Why SMBs should strongly consider offering 401(k) plans

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The pandemic and resulting “Great Resignation” has prompted more small and medium-sized businesses to begin offering their employees retirement plans, according to Guideline’s report, “The State of Retirement Planning for Small Businesses.”

Kevin Busque, CEO of the Austin, Texas firm, shares why SMBs should strongly consider implementing workplace 401(k) plans, which might be more meaningful in the increasingly competitive “War for Talent” than “cool” perks such as daily pints of ice cream, massages and yoga.

Katie Kuehner-Hebert: How have the past few years prompted more SMBs to offer workplace retirement plans?

Kevin Busque: Our report reveals the resilience of our small business clients and the financial savvy of their employees. Despite the obstacles brought on for many businesses in the last two years, SMBs are searching for new ways to grow and support their employees in the current economic conditions.

Many of our new clients are businesses offering 401(k) plans to their employees for the very first time. In fact, 96 percent of all signed plans in 2021 were new, first-time plans, while the same was true for 89 percent in 2019. This continued growth in benefits adoption for small businesses will help them become more resilient and give them a competitive edge in the war for talent.

Our data on participant contribution behaviors shows the fears that plagued retirement savings during the 2008 recession haven’t manifested in any major hesitation to save during the pandemic. The average employee participation rate has increased to 82 percent while the average contribution amount has consistently risen since 2019, indicating a push for long-term stability despite the unpredictable nature of the last two years.

The younger generations in particular have made up for lost time during the pandemic, indicating more financial savvy than their reputations give them credit for. Gen Z is increasing at the steadiest rate of all generations: their average monthly 401(k) contribution was $346 in 2021, up from $230 in 2019. Millennials – despite their haunted financial past – are closer to Gen X and baby boomers than you’d expect, contributing a monthly average of $725 to their 401(k) plans just behind baby boomers’ $872.

What is your advice for HR leaders of SMBs who are considering offering retirement benefits to their workers?

Job candidates and employees now have more leverage when negotiating their salary and benefits. It’s imperative that employers are offering meaningful benefits like retirement planning alongside health insurance and PTO in order to remain competitive in their hunt for talent.

Businesses struggling in the chaotic hiring market are likely finding that the people they aim to hire or retain are prioritizing benefits that offer stability rather than the “cool” factor of years past. The data shows that if given the opportunity to use these benefits, employees are not only responding with high participation rates, they are also increasing the amount they contribute to their 401(k) plans.

My second piece of advice for HR teams would be to offer 401(k) plans that don’t pass on expenses like AUM fees to employees. These fees, usually a small percentage of the account balance, can seem trivial, but over the long haul they really add up.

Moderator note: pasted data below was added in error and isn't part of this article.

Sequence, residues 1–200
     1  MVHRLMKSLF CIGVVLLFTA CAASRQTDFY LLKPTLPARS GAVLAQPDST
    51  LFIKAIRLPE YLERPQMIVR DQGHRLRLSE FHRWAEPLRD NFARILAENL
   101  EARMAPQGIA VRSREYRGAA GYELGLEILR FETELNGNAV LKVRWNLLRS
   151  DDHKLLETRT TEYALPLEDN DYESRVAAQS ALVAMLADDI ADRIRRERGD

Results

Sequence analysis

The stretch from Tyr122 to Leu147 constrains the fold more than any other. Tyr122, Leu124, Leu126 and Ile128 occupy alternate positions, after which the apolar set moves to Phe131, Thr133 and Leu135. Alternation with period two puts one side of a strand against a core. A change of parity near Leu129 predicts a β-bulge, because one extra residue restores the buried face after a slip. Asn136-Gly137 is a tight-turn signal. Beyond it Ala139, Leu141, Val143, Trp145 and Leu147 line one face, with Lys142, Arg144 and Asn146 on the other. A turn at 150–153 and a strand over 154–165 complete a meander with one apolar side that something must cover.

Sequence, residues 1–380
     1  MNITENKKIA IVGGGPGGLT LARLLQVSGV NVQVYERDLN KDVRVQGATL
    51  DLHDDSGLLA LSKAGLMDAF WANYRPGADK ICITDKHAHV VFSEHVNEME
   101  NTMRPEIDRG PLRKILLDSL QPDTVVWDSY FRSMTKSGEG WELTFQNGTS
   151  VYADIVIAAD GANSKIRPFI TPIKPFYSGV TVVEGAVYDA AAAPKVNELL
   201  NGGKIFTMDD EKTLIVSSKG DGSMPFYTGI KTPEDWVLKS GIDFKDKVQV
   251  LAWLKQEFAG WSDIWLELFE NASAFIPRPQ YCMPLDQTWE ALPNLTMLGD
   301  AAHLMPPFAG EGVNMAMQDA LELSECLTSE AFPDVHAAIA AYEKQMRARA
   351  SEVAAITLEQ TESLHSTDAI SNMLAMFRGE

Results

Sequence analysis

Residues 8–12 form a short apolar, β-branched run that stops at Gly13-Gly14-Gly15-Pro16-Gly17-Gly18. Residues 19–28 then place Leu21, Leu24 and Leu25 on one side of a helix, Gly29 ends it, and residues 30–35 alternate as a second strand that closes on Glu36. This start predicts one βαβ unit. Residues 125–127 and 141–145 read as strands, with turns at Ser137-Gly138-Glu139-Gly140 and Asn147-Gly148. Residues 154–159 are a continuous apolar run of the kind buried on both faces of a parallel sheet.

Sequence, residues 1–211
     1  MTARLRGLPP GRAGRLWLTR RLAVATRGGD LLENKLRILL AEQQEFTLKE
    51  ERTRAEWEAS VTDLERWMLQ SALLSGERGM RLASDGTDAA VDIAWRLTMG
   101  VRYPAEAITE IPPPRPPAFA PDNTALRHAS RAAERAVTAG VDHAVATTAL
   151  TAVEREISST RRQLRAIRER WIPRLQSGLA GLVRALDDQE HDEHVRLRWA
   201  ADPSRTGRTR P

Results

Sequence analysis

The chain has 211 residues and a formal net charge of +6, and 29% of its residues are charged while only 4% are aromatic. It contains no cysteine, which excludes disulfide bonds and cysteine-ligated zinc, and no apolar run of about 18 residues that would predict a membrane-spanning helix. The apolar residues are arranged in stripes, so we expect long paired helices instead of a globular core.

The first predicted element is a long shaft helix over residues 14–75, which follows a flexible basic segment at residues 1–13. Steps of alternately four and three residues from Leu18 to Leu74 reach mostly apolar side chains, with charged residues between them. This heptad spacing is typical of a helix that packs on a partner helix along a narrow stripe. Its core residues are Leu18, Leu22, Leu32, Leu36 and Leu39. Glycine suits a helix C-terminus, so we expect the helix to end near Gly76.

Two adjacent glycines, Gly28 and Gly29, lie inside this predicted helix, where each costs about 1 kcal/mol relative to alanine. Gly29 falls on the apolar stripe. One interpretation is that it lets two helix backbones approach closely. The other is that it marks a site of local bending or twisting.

A 1.63 percent AUM fee, which is the industry average for small 401(k) plans, can end up costing participants hundreds of thousands of dollars over the span of a career, adding financial strain that you don’t want for your employees.

According to your earlier research, 90 percent of small businesses still don’t offer their employees a 401(k) plan. Why is this so?

Small businesses have historically been at a disadvantage when it comes to offering their employees a retirement plan. Legacy 401(k) providers avoid small businesses because they’re too difficult to turn a profit on, either refusing to take on new clients under a certain size or charging them prohibitively high fees.

According to our research from 2016, of the 5.8 million small businesses in the US, 90 percent of those businesses don’t offer their employees a 401(k). Of the 42 million people who work at those small businesses, 75 percent of them don’t have access to a retirement plan at all.

Our clients are the proof in the demand to close this gap, even in pandemic conditions: New client growth rate for signed plans hit 34 percent in 2020 and 58 percent in 2021. And those businesses’ employees have continued to participate as well, growing their average monthly contribution from $646 in 2019 to $783 in 2021.

What else would you like HR leaders at SMBs to consider?

Encourage your employees to consider participating in their retirement planning as early and aggressively as their budgets and financial situations will allow, and as is appropriate for their age and expected time to retirement. When it comes to a 401(k), time to retirement might allow one to downplay the sensational predictions in the news and the gamification of day trading in order to focus on the long-term. If you stay the course and maintain a diverse portfolio, you can help to equalize your risk over time. Any market downturn is painful, but if you look at our country’s GDP growth, the expansions are much bigger and more common than the recessions.

The information above is provided for educational purposes only and should not be construed as personal investment advice or a guarantee of performance. All investments involve risk and your investments could lose value. You are advised to consult a qualified financial adviser or tax professional before relying on the information provided herein.

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